I am reading through it Spring Recipes at this time, and am puzzled by one factor: Any exceptions are tossed like a subclass of DataAccessException, a RuntimeException you are not designed to try/catch.
What I am concerned about is issues that may happen, particularly with card inserts. If you are using something similar to SimpleJdbcTemplate each totally its very own transaction, which means you can't ensure a vital isn't within the table then do your place using getSimpleJdbcTemplare.update(), since the key might have been placed between your two queries.
Clearly this really is something one may wish to handle more beautifully than the usual RuntimeException inside a production system. How do we cope with that?
a RuntimeException you are not designed to try/catch.
States who? You do not have to trap
RuntimeException, there is however nothing to prevent you doing the work, it's perfectly acceptable. There's, for instance, a subclass of
DataAccessException known as
RecoverableDataAccessException, that is particularly supposed to have been caught to ensure that a retry could be attempted. Additionally, there are
OptimisticLockingFailureException, which addresses the next reason for transactional clashes because of positive securing, and may also be caught and handled particularly through the application.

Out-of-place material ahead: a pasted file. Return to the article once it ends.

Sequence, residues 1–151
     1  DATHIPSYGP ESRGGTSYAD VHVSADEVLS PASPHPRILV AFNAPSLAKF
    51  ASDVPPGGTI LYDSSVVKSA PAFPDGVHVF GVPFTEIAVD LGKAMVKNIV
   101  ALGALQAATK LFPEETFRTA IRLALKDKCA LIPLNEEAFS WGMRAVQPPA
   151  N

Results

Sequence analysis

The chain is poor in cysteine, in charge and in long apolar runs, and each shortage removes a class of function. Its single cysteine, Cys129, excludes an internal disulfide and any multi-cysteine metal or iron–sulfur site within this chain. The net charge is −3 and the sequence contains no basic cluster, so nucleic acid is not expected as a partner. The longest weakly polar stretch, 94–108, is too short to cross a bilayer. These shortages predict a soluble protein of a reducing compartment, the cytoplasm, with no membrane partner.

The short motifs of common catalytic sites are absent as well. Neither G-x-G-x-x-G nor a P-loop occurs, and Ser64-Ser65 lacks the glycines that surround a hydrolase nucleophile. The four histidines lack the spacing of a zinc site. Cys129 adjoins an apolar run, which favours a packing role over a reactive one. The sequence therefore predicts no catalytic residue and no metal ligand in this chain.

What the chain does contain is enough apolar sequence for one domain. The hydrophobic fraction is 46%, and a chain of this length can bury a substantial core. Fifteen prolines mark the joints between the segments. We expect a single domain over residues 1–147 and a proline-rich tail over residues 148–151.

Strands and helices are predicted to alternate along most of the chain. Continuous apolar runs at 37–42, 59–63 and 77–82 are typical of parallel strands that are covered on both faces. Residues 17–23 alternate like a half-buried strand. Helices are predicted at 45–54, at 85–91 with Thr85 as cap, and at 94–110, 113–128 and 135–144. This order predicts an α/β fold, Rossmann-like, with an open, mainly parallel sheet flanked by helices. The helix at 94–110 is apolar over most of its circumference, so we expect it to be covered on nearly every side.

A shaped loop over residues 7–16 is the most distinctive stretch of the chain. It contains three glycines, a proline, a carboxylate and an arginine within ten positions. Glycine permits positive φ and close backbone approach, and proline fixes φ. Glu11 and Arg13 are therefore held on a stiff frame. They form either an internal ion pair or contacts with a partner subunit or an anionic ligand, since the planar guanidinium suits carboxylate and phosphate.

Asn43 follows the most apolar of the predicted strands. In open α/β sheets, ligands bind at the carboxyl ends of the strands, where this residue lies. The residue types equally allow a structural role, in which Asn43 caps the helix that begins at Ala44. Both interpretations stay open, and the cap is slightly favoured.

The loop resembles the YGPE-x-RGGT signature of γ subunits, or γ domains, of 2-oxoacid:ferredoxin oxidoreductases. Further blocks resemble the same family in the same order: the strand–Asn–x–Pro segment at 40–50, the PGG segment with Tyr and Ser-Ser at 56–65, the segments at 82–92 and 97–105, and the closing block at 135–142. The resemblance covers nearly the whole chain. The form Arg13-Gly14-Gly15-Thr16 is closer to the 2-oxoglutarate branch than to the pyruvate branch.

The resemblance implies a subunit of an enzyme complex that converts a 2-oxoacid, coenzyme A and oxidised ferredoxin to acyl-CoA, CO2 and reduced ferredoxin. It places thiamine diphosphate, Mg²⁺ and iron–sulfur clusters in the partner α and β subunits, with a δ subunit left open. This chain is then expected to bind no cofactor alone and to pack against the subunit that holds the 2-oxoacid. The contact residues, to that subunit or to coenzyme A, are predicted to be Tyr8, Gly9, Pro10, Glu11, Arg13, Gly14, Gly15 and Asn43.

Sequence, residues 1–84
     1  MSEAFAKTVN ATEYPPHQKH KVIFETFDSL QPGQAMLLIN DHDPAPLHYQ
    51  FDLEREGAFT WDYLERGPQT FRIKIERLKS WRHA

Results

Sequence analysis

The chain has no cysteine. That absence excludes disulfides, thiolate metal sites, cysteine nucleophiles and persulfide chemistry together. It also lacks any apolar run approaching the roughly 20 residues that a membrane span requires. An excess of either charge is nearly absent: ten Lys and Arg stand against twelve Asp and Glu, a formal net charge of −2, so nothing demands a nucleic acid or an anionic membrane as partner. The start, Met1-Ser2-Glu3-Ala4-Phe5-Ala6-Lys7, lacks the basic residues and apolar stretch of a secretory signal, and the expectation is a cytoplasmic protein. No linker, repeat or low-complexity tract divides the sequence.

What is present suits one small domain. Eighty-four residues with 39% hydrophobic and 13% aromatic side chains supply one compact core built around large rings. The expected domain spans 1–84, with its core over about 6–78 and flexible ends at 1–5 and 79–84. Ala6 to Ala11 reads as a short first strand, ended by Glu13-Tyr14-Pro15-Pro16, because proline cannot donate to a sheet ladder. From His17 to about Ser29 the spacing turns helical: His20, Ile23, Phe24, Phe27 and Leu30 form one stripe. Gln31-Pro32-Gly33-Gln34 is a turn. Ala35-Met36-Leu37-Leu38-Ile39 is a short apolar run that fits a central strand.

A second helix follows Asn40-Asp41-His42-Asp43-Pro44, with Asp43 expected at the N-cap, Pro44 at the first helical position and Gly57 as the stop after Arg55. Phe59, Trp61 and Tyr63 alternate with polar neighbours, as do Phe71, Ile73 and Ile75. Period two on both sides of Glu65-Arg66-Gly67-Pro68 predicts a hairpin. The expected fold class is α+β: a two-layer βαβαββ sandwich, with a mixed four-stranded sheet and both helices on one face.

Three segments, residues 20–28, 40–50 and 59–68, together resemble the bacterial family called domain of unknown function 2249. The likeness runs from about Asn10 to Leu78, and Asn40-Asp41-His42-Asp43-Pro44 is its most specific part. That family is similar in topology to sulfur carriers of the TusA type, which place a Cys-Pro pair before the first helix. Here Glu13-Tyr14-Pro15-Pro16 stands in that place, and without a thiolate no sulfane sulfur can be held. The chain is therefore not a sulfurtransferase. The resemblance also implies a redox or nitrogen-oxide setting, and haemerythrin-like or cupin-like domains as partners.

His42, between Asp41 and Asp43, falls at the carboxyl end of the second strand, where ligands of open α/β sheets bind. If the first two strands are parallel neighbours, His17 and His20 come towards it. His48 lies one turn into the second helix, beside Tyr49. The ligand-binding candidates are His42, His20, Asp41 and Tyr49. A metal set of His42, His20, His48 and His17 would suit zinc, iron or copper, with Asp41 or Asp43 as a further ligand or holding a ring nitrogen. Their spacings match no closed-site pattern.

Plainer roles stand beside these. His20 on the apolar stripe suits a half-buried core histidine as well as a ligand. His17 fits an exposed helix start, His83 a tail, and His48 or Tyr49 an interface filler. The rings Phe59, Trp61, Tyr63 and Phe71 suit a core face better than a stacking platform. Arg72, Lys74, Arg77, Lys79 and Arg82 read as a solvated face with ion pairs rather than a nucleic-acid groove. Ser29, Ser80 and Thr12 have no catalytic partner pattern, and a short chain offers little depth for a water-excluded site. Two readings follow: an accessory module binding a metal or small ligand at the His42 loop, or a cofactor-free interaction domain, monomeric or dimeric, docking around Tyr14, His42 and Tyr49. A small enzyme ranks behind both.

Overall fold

If you are using something similar to SimpleJdbcTemplate each totally its own transaction
Not the case. If you are using Spring's transactional semantics, then
SimpleJdbcTemplate (or whatever DAO component you utilize) will have fun playing the transaction, with full Acidity semantics when the database and transaction manage supports it (which most should). Within the situation of the example, you are able to perform a
select for update (or whatever your database supports) follows by an
insert, all within one transaction.
Spring's data access layer is most likely its best feature, however it rarely will get the loan for this.